"I met a woman in a spiritual centre in western Massachusetts. It was summer, and there was no one there but us," American photographer Frances F. Denny recounts. "She seemed nervous about having her picture taken. We sat cross-legged across from one another in a field and, by way of introduction, she sang me a Celtic song. I remember the sun was blinding me as I watched her, and I felt my eyes stinging. She then read to me from a document outlining the various tortures condemned 'witches' were subjected to during the Spanish Inquisition. When she finished reading, she put her face very close to mine and told me, quite fiercely, that she would agree to be photographed as long as I protected her – and my other subjects – from ridicule. I told her that while my intentions were to represent my subjects with dignity, I couldn’t control what people would say about the pictures. I was honest with her. She seemed to understand, and agreed to be photographed."
Denny has had many encounters like this one, with women across the United States, while working on her photographic project Major Arcana: Witches in America – an expansive visual document of the modern face of witchcraft. The stirrings of the project began in 2013 when, having grown up just outside of Boston, she was researching her family’s history in the New England area. Looking through her family tree, she discovered two important things. The first was that her 10th great-grandfather, Samuel Sewall, was one of the central judges in the Salem witch trials. The second was that her eighth great-grandmother, Mary Bliss Parsons, was an accused 'witch' 20 years prior, in Northampton, another Massachusetts town.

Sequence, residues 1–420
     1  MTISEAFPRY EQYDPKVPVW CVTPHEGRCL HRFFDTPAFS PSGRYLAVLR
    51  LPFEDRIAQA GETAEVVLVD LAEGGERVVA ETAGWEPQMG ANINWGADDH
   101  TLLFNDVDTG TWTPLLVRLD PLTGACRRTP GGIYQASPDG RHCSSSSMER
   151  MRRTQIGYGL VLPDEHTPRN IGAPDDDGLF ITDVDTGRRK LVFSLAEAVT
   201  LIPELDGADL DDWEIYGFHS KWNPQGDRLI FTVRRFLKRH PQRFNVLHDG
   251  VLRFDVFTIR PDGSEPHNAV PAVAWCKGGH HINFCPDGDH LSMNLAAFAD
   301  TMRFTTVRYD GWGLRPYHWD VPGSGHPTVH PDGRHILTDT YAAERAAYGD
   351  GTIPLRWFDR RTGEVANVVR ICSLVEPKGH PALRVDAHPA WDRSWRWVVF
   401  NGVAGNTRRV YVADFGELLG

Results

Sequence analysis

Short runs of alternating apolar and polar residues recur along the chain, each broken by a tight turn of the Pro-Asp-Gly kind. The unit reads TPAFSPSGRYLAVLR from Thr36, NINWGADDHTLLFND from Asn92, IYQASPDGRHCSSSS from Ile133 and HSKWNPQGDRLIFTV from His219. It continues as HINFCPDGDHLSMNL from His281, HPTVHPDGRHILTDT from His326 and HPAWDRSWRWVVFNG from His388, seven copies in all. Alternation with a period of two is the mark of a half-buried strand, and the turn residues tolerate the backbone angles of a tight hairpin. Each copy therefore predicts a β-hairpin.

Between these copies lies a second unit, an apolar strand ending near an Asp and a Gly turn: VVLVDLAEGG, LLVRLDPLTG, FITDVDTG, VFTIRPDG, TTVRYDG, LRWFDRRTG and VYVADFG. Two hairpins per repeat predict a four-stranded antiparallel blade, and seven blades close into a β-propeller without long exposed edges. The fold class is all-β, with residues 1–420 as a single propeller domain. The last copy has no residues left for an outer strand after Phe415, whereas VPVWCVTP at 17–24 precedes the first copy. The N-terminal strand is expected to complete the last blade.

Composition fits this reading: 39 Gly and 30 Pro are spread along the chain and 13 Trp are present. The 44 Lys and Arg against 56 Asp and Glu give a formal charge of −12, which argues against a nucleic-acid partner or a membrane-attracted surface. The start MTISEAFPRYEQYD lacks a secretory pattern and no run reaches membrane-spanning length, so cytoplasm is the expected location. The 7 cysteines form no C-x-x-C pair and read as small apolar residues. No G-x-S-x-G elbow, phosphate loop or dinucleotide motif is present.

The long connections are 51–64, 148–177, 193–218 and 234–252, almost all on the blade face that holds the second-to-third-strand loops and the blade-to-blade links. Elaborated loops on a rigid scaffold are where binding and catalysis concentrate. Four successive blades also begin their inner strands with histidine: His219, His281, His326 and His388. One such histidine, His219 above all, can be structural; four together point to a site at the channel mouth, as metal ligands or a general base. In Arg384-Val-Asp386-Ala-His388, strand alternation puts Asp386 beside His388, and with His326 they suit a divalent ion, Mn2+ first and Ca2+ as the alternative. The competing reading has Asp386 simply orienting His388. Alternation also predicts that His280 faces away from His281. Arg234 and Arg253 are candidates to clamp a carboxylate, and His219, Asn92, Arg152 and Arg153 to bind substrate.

"The coincidence stayed with me, and in 2015 I read the historical biographer Stacy Schiff’s book on the Salem witch trials, which mentioned Samuel Sewall and reminded me of my ancestral connection," Denny explains. "That was the spark of my interest in the historical archetype of the witch. It was only a matter of time before I began thinking about what this word 'witch' means to modern women. I began to wonder, 'Who calls herself a witch now?'"
In the years that followed, Denny traversed the country, meeting more than 70 women who identify as witches, unearthing traits of power and perseverance in all of them. Here, she tells Refinery29 the story of her odyssey, and shares some of her favourite photographs from along the way.